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Reorientating European Imperialism: How Ottomanism Went Global

Reorientating European Imperialism: How Ottomanism Went Global
4 Bancroft Ave, Room 200B, Bancroft Building
Time: Nov 16th, 5:00 pm End: Nov 16th, 7:00 pm
Interest Categories: Near and Middle Eastern Civilizations (FAS), History (FAS), Historical Studies (UTM), Historical and Cultural Studies (UTSC), 1500-1800, 1200-1500
Talk by Isa Blumi, Stockholm University

The Departmenst of History and Near & Middle Eastern Civilizations presents

Reorientating European Imperialism: How Ottomanism Went Global

This presentation explores the possibility that a distinctive Ottoman response to European imperialism and its colonial ethos vis-à-vis "the Orient," usefully framed as Ottomanism, contributed regularly to the way peoples interacted in the larger context of a contentious exchange between rival imperialist projects. Crucially, some articulations of Ottomanism were not reactive but pro-active. In turn, some of the Orientalism that has become synonymous with studies about the relationship between Europe and the peoples "East of the Urals" may have been a response to these Ottomanist gestures. Some of the global locales in which this exchange takes place-East Africa and South America-may prove the key transnational context to begin to reorientate entirely what we understand European imperialism to have constituted before World War I.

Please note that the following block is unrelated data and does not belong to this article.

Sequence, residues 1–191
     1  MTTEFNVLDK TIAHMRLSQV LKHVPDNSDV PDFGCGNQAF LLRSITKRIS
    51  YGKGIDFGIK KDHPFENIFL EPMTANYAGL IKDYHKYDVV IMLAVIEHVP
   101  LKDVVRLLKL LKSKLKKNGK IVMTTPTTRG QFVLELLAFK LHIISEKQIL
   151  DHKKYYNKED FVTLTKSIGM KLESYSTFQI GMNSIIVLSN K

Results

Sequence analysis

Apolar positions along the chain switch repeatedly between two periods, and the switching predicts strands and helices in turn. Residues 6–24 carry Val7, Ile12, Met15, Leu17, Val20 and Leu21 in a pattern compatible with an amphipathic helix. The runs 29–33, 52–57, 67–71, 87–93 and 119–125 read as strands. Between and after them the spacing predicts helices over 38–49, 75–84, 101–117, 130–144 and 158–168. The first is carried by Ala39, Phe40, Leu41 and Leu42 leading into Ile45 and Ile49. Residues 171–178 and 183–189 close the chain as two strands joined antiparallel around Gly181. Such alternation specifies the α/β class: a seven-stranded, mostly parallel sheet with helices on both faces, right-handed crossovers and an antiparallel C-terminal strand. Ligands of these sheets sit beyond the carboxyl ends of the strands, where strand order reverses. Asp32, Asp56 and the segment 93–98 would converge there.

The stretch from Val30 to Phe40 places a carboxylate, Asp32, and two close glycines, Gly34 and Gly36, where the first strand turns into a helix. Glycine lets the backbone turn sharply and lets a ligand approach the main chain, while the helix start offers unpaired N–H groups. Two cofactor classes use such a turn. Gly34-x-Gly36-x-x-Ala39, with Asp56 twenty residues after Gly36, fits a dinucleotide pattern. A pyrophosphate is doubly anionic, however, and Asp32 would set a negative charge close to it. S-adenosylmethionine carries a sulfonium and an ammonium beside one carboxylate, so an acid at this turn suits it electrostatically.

Isa Blumi is Senior Lecturer/Associate Professor of Turkish Studies at Stockholm University Institute for Turkish Studies. He holds a PhD in History and Middle Eastern/Islamic Studies from New York University and a Master of Political Science and Historical Studies from The New School for Social Research, New York. Isa Blumi researches societies in the throes of social, economic, and political transformation. His latest work covers the late Ottoman period and successor regimes, arguing that these events are part of process that interlinks the Balkans, the Middle East, and the larger Islamic world. In this respect, it is key to explore in a comparative, integrated manner how post-Ottoman Turkey fits into what is a global story of transition. As he expands his work to include more of the 20th century, Blumi explores processes of change induced by Muslim refugees who ended up settling throughout the world. Exploring these refugees' stories through this global perspective helps question how we understand identity and social organization, themes Blumi will focus on in the courses he will teach. Beyond his historical research, Blumi also regularly writes, and lectures on contemporary Balkan and Middle Eastern politics (especially Kosovo, Turkey and Yemen) and political Islam.

This event is free and open to all. Registration is not required. For further information, please contact the Department of History at 416-978-3363

  • 416-978-3363
  • Email: history.frontdesk@utoronto.ca

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